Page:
Hari Swarup, J.
1. This petition has been filed against the order of the Commissioner of Income-tax refusing to entertain the revision filed by the petitioner tinder Section 33A of the Indian Income-tax Act, 1922.
2. The petitioner was assessed to income-tax and a demand of interest amounting to Rs. 2,27,193 was also added under Section 18A(6) of the Act. Against this order regarding interest the petitioner filed a revision before the Commissioner. Petitioner also filed an appeal against the order of assessment to the Appellate Assistant Commissioner and therein also took a ground challenging the correctness of imposition of interest under Section 18A(6). The Assistant Commissioner did not originally decide this point but, ultimately, on remand from the Appellate Tribunal, decided the appeal regarding interest also, and by his order dated November 30, 1967, reduced the interest to Rs. 1,34,186. Against this order also the petitioner filed a revision under Section 33A, before the Commissioner. The Commissioner has dismissed this revision as not maintainable and has also observed that it was belated. He had already dismissed the earlier revision on the finding that it was not maintainable as the order of the Income-tax Officer had got merged in the order of the Appellate Assistant Commissioner dated November 30, 1967. In the order he also made the observation that a fresh revision within the time allowed by law could be filed against that order of the Appellate Assistant Commissioner.
3. It appears from the order of the Commissioner that he held the second revision as not maintainable because the assessee had filed an appeal before the Income-tax Appellate Tribunal against the order impugned in the revision. The Tribunal had itself dismissed the appeal as not maintainable. Learned counsel for the petitioner has contended that under Section 33A(2) of the Act a revision is barred only when an appeal is maintainable under the Act, and as the appeal in the present case was not maintainable there was no bar to the Commissioner's entertaining the revision. The contention of the learned counsel for the department, on the other hand, is that the only thing required for barring the revision is the making of an appeal by the assesses before the appellate authority. According to him, once an appeal was filed and entertained, then even if it is dismissed as notmaintainable, the bar created by Sub-section (2) of Section 33A will come in the way. He has relied on the case of Mercantile Tobacco Corporation v. Commissioner of Income-tax : 57ITR483(AP) . In that case it was not contended that the appeal was not maintainable before the Tribunal. That case is thus of no assistance in the decision of the present controversy. Section 33A(2) provides for the filing of revision before the Commissioner against any order under the Act passed by an authority subordinate to the Commissioner. The Commissioner is, however, precluded from revising the order if:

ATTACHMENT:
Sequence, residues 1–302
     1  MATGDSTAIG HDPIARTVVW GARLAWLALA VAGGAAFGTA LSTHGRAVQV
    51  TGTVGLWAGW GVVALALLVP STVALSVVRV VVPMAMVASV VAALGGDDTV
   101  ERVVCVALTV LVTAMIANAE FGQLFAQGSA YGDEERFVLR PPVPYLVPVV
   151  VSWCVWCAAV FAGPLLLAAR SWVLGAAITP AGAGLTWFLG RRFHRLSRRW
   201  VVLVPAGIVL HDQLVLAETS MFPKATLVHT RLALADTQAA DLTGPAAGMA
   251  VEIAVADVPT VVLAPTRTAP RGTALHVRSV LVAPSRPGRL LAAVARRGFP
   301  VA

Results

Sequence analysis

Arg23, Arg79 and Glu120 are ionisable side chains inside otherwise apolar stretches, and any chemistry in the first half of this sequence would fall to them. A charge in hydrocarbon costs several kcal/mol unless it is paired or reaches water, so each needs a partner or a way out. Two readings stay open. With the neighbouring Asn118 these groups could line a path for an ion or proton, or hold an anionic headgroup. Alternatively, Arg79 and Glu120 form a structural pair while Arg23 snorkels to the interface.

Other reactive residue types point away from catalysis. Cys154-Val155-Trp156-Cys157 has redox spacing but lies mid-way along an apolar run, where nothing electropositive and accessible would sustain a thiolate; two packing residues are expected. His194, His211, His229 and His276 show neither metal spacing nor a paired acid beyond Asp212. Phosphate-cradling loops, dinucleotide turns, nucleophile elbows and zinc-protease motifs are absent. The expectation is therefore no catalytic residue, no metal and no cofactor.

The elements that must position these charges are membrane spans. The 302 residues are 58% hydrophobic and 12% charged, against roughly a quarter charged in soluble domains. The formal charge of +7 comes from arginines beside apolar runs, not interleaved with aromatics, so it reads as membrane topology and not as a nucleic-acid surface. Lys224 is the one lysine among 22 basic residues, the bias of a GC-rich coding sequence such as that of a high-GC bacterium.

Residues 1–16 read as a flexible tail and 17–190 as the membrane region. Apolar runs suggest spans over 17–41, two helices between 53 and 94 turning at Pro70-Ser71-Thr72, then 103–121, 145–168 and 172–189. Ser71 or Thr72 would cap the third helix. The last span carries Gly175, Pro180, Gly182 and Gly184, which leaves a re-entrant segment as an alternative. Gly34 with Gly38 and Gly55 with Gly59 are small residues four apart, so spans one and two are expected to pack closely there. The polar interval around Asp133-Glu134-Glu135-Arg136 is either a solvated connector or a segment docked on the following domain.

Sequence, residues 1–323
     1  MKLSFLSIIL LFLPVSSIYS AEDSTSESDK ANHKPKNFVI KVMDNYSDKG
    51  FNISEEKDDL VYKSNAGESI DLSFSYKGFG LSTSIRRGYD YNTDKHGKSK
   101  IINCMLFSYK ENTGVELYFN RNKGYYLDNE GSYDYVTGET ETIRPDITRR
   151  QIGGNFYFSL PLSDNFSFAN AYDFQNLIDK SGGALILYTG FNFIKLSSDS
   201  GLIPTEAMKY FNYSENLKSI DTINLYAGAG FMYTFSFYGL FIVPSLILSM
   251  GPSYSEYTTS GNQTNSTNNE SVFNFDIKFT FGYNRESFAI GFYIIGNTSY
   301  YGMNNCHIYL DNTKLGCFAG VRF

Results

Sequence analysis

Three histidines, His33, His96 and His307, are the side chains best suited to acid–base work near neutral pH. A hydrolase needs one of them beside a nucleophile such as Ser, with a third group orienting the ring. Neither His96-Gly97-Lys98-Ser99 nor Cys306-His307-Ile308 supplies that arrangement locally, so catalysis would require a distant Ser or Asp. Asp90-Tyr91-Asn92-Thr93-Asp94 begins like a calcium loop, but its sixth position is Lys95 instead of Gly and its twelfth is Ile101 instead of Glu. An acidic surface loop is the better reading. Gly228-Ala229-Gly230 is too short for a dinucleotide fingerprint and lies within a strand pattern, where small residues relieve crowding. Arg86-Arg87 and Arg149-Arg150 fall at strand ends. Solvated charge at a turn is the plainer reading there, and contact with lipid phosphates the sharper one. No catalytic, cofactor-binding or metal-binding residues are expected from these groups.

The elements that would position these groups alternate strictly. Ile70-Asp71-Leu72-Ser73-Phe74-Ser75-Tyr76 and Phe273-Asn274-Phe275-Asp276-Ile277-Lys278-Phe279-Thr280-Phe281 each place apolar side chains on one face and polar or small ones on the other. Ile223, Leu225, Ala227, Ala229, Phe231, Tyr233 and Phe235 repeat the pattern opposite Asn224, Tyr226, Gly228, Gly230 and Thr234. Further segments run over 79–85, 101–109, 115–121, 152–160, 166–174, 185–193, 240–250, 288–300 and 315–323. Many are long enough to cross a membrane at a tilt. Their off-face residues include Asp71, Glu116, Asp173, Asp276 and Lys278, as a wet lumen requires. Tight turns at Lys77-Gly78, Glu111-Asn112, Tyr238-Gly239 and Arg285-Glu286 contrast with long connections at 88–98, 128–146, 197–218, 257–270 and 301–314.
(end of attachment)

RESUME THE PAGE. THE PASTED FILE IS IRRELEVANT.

(a) where an appeal against the order lies to the Appellate Assistant Commissioner or to the Appellate Tribunal but has not been made, the time within which such appeal may be made has not expired, or in the case of an appeal to the Appellate Tribunal, the assessee has not waived his right of appeal, or
(b) where an appeal against the order has been made to the Appellate Assistant Commissioner, the appeal is pending before the Appellate Assistant Commissioner, or
(c) the order has been made the subject of an appeal to the Appellate Tribunal.
4. Clause (a) of Section 33A(2) speaks of an 'appeal which lies' and thus refers to an appeal provided in the Act against the particular order. If no appeal is provided it cannot be said that such an appeal lies. Clauses (b) and (c) refer to appeals contemplated by Clause (a). Clause (c), which is relied upon by learned counsel for the department and which was taken as a bar by the Commissioner, applies only to cases where an appeal maintainable under the Act has been instituted. It deals with an appeal against an order which is appealable. If against a particular order no appeal lies, it cannot be made the subject of appeal to the Appellate Tribunal. The Tribunal itself has held that the order of the Assistant Commissioner was not appealable. It has not been shown to us that such an order is appealable. We are, therefore, of opinion that Clause (c) of the proviso to Sub-section (2) of Section 33A of the Act was no bar to the entertainability of the revision and the Commissioner failed to exercise the jurisdiction vested in him by law.
5. The Commissioner has also observed that the revision was belated. But he has not considered if the assessee was prevented from making an application in revision within the period allowed by law. It appears that because he was of opinion that the revision was not maintainable he did not go into the question. It is not for us here to decide whether circumstances justified condonation of delay or not. It will be for the Commissioner to decide if the revision can be entertained beyond one year of the date of the order.
6. In the result, the petition is allowed with costs, the order of the Commissioner dated 5th September, 1972, is set aside and he is directed to decide the revision in accordance with law.